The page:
Is weather the only factor in spring sales of greenhouse plants?
Recent MSU research indicates weather is not the only factor that accounts for the wide variability in plant sales in the spring. Day of the week plays a more substantial role.
Retail greenhouse growers have long believed that bad weather in the spring was the main reason for slow sales and nice weather brought out customers and that was the main reason for great sales. Researchers have asked whether there is any statistical evidence that this is the case. Does research exist to verify that this is fact?
MSU Department of Horticulture marketing specialist Bridget Behe set out to look at this relationship by gathering data and doing a statistical analysis to see what factors really influence spring sales. The goal was to identify the relationship between several weather variables like air temperatures (minimum and maximum), precipitation and solar radiation for each day. This data was obtained from weather stations nearest to the retail store for the period May through July.
Daily retail sales data was obtained from a plant producer who services 42 Midwestern stores for three years, 2007-2009. All sales locations were undercover. The data for daily sales was divided between herbs plus vegetable transplants combined and flowering hanging plants. After analyzing the data, the most interesting conclusion was that the day of the week had a more substantial effect on the sales of all spring garden plants than any of the weather patterns that were tracked over the three-year period.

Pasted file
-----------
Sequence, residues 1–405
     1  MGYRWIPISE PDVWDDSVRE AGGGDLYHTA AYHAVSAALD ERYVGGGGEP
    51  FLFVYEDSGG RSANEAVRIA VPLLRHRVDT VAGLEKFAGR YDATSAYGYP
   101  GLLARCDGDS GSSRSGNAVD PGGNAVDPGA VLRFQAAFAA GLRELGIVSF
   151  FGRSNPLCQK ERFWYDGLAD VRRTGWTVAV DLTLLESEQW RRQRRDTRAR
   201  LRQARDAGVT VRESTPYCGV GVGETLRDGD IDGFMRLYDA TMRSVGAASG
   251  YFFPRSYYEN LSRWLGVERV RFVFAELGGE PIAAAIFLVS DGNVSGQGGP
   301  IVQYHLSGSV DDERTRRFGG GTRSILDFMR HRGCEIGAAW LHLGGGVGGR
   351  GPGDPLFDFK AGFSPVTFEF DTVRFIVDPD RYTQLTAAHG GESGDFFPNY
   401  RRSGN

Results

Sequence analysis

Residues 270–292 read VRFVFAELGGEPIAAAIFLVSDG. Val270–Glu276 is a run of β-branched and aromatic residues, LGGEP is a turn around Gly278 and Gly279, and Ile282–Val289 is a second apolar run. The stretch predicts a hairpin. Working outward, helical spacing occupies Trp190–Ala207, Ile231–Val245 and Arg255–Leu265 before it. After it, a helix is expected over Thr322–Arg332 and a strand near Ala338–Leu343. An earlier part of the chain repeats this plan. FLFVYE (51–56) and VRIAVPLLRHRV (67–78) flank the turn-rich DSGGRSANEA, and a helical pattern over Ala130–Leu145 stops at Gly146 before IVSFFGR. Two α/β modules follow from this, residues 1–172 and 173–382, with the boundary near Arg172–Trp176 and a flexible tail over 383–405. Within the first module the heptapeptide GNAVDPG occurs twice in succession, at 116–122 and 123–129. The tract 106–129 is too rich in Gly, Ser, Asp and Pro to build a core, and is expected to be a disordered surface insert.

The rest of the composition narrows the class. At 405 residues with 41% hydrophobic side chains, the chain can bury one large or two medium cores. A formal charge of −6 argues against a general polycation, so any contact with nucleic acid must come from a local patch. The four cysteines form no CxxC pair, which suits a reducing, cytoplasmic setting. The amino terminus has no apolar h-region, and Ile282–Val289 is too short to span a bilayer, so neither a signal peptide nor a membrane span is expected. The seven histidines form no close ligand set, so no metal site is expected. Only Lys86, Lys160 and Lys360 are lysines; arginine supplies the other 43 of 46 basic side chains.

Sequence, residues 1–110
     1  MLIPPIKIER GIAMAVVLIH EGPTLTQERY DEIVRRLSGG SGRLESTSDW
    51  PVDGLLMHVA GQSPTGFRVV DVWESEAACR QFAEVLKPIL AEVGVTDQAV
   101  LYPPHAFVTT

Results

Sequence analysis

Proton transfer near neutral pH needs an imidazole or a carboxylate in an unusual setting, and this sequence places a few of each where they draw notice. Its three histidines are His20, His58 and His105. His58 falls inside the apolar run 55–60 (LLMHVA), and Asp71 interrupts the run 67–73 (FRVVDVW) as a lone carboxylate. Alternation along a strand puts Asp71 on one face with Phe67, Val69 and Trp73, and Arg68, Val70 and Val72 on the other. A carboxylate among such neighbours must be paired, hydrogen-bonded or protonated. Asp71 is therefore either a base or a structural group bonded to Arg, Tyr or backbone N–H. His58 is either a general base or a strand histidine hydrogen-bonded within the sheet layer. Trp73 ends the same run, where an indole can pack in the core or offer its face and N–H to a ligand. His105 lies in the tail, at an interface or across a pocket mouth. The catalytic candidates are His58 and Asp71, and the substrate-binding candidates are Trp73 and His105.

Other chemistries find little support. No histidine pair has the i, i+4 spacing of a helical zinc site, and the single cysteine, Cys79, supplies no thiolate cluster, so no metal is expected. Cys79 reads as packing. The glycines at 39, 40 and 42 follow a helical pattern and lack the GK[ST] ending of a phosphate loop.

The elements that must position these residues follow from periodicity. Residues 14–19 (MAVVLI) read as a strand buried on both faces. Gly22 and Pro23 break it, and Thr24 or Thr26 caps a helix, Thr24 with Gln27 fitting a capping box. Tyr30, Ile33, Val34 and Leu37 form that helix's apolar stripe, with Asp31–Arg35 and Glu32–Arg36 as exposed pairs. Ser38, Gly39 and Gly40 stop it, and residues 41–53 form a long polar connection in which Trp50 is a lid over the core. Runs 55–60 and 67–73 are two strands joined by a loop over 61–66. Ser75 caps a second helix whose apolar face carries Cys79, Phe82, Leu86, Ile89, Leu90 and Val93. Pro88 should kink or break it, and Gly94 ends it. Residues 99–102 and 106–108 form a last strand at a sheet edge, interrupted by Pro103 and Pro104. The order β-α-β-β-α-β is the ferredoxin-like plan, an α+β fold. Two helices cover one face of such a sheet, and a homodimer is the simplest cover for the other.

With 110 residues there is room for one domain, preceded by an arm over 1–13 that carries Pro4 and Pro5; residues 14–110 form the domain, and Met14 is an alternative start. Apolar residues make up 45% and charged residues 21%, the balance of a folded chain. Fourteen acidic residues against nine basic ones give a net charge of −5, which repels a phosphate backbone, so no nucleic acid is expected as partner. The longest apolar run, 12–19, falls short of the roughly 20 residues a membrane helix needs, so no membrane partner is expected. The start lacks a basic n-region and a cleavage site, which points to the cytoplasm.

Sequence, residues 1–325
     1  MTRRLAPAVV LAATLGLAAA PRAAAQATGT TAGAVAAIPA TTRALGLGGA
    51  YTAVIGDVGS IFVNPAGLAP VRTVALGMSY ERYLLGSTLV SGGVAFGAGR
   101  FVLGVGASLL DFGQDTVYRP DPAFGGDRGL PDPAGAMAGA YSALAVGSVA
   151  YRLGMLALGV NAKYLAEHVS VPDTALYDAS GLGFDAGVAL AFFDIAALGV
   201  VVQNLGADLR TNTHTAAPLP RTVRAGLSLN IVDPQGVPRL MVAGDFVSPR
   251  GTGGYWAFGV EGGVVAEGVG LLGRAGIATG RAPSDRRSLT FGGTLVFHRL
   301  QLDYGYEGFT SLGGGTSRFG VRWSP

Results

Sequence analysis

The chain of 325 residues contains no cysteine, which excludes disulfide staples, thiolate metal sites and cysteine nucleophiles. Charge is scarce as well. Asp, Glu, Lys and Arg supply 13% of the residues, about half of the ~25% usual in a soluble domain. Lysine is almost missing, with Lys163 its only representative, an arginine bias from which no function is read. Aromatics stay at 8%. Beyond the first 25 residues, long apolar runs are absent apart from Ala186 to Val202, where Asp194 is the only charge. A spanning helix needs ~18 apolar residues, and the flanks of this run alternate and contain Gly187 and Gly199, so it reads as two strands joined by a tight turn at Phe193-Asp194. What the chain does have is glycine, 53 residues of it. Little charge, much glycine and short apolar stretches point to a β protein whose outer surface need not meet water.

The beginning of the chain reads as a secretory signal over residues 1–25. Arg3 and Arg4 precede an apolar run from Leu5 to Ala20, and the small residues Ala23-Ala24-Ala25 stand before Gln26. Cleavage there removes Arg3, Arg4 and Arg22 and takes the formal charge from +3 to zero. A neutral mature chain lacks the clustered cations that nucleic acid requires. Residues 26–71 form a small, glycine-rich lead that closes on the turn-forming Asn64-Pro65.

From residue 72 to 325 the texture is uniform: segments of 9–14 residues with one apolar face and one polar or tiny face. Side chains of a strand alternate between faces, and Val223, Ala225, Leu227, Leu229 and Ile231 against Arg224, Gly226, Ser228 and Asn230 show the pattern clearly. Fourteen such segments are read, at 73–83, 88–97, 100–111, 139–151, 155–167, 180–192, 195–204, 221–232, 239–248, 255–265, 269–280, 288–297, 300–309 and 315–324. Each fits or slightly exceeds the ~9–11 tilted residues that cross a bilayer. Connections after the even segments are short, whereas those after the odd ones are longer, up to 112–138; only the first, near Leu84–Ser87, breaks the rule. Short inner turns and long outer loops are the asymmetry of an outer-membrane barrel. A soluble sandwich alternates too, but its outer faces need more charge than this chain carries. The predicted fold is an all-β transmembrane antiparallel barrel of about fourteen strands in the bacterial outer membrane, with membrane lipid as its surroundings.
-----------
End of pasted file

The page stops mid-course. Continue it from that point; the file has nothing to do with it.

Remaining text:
Compared to April, flowering annuals average daily sales in May were $1.17 higher. Compared to Wednesday (the slowest sales day), Saturday average daily sales of flowering annuals were $3.49 higher, but Sunday sales were $3.38 higher. In the stores studied, each degree increase in the maximum air temperature increased daily sales by only 19 cents per day. Sunlight had a minimal effect (less than one cent) and precipitation had no effect on sales. The conclusion, clearly, was that month and day-of-week had a profoundly greater influence on daily sales than did air temperature, sunlight, or precipitation. Growers and retail garden centers now have some data to show that it is not just weather that impacts the wide differences in sales, but day of the week plays a bigger role!